Pre-RFC: Safe coercions


This is a pre-RFC for safe coercions.

Safe coercions are implemented via a magic trait Coercible<A, B>. Instances of Coercible<A, B> exist as follows:

  1. Between any two types A and B such that casting via as would be legal AND the two types have the same size, but NOT if one is a floating-point type and the other is not.
  2. Between any two struct, enum, tuple, or slice types A and B, such that:
    • a. Instances of Coercible<C, D> exist for every corresponding member of A and B.
    • b. All fields that have different types in A and B are visible at the location where the coercion is made.
  3. Optionally, other instances may exist, such as allowing an array of integers to be coerced to an array of bytes of the same size.

Coercible<A,B> looks as follows:

use std::mem;
unsafe trait Coercible<A, B> {
    fn coerce(a: A) -> B {
        unsafe { mem::transmute(a) }

Creating instances of Coercible manually is nonsensical and a compile-time error. Alternatively, it may be possible for users to opt-in manually by implementing it. This doesn’t break Rust’s safety guarantees, since Coercible is an unsafe trait.

Because of rule 2b, it is not possible to use Coercible to circumvent privacy restrictions.

The inspiration for this comes entirely from GHC’s Coercible typeclass and matching function coerce, which serve the same purpose as here.

1 Like


That’s an interesting idea. It’d useful for situations where you want to switch out some phantom type deep inside some container (or nested containers).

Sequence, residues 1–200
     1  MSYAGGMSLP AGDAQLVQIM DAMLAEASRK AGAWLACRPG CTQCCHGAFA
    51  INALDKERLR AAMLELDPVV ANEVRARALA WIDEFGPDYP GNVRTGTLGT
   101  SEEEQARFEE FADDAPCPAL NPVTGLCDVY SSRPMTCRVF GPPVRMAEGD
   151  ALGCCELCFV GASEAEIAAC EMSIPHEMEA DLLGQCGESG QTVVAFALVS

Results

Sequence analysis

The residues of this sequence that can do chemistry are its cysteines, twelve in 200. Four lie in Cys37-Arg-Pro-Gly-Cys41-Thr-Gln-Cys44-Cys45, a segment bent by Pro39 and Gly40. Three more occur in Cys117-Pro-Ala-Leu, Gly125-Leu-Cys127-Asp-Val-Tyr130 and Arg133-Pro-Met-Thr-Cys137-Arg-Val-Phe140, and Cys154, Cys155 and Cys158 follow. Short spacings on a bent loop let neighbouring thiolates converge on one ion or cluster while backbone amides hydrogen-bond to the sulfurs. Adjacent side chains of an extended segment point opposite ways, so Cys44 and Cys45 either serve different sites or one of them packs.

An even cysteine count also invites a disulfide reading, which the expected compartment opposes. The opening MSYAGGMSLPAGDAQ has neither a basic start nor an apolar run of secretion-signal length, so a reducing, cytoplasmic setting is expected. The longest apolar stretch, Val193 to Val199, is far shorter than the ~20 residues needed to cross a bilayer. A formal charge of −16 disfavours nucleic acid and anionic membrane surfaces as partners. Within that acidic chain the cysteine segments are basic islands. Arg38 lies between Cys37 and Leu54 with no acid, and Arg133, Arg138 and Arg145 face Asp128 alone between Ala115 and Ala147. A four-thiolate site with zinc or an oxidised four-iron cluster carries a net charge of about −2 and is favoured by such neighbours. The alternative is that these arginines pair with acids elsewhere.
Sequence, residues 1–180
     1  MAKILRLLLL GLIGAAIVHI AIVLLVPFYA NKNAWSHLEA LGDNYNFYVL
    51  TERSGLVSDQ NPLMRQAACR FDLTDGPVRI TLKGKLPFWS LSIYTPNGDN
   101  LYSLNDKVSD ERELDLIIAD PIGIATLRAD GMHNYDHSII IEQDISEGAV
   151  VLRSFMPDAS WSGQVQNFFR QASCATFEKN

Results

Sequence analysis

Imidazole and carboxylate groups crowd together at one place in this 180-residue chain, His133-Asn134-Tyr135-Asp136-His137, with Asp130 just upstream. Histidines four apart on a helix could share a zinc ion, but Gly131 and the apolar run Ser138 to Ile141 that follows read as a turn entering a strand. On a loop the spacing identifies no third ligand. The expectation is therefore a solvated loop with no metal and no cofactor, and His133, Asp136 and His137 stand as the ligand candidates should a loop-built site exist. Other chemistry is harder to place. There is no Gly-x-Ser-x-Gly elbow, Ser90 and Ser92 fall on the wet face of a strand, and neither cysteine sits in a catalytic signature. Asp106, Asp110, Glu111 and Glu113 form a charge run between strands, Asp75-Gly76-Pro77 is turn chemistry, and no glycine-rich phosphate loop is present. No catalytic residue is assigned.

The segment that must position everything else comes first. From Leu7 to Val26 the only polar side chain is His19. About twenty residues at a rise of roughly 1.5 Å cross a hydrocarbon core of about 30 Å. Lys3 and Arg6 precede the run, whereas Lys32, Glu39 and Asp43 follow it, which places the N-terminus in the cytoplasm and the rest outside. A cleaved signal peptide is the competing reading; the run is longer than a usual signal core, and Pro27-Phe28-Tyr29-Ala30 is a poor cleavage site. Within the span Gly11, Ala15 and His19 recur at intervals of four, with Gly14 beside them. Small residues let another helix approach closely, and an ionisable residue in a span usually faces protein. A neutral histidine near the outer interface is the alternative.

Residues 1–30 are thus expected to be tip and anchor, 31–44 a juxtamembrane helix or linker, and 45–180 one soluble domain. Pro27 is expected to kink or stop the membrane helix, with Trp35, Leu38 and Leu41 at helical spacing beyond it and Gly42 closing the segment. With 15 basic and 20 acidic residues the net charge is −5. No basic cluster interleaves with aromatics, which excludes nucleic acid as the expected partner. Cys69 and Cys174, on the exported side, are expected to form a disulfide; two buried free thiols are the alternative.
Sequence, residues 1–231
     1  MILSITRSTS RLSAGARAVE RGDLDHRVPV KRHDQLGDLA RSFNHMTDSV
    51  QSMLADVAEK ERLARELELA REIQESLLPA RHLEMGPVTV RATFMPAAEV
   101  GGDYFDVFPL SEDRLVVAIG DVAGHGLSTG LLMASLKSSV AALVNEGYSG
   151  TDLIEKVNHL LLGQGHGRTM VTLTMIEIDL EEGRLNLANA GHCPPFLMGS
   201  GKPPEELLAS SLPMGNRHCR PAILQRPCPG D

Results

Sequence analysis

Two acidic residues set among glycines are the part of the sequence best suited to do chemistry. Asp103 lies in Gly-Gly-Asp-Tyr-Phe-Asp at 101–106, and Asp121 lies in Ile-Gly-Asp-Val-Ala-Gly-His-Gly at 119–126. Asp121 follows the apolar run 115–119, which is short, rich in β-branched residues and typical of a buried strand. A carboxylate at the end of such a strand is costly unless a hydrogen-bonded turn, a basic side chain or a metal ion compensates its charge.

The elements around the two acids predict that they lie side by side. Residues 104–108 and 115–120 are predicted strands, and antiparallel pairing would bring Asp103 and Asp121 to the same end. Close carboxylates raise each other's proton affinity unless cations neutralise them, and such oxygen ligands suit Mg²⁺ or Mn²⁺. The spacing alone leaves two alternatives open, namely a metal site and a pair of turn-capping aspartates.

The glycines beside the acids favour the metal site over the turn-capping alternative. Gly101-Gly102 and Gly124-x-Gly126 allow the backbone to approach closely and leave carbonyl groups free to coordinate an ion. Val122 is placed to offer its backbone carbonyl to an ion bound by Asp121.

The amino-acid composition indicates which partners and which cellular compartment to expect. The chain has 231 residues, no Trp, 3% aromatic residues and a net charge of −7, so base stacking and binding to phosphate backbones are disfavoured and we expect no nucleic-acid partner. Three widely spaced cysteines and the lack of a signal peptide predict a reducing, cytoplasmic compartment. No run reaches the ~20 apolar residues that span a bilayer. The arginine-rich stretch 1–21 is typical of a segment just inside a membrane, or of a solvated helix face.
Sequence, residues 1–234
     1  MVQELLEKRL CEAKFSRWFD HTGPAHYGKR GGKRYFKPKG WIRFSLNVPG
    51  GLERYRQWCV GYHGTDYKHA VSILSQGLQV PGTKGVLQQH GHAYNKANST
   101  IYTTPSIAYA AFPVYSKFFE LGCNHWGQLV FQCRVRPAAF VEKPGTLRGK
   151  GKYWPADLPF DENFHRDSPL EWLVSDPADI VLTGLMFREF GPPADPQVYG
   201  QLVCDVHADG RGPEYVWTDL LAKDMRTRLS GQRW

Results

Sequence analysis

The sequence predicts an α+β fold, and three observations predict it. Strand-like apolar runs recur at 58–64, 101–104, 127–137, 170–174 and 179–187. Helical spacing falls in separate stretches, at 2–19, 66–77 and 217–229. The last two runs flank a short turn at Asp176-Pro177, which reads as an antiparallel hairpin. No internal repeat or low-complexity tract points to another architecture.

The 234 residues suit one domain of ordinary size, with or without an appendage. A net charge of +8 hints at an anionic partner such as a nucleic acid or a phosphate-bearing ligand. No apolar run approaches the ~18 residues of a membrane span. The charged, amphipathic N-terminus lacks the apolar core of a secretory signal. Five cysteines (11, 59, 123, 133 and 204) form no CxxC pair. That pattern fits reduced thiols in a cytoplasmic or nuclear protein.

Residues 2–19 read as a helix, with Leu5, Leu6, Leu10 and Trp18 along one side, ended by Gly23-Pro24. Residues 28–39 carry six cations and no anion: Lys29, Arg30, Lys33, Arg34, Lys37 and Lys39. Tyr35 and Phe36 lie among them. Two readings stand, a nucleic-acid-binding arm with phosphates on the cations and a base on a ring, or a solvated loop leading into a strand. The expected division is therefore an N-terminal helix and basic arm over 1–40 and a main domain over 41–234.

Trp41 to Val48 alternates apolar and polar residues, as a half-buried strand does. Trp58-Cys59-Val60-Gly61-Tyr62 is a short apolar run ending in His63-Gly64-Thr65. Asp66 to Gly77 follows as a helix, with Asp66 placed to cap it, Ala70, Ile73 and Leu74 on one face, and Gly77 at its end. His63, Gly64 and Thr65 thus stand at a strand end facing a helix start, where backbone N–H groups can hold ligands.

But I’m not sure the idea of “visibilty-dependent trait implementations” would work without some additional machinery in the language. Trait implementations are global in Rust, much like in Haskell, so it would be odd to have one whose availability is dependent on which module you’re in.

Another concern is that the layout of structs may change after optimization. Currently there is no guarantee that the layout of two structs are the same even if they have identical underlying types and identical ordering.

Maybe it’s best to make Coercible a strictly opt-in trait. The user would opt-in by writing a blank impl along with the appropriate Coercible trait bounds for its interior types. The compiler would then check if the bounds are sane (i.e. do not violate memory safety or existing Coercible constraints), and if it passes the impl will be upheld by the compiler. The impl acts as an optimization constraint: these two types must have the same internal memory representation even after optimization and possible reshuffling.



GHC handles this (visibility-dependent trait implementations) just fine, although instead of visibility (which Haskell doesn’t have) it uses whether or not the corresponding type constructor is in scope.

Can you see a reason why the layout of two structs with identical underlying types and ordering would change after optimization? I can’t. In fact, I would not be surprised if this would break existing code, at least in the case of mem::transmute-ing a phantom type parameter (this trick can be used to implement a form of subtyping I believe).



Not saying it does. It’s just something that has never been actually specified.



Does this include (i32, f32)?

What is the self type here?



Sorry about the bad code – I was thinking in Haskell terms, and Haskell doesn’t have any concept of self. So the current idea is a free function, rather than a method.


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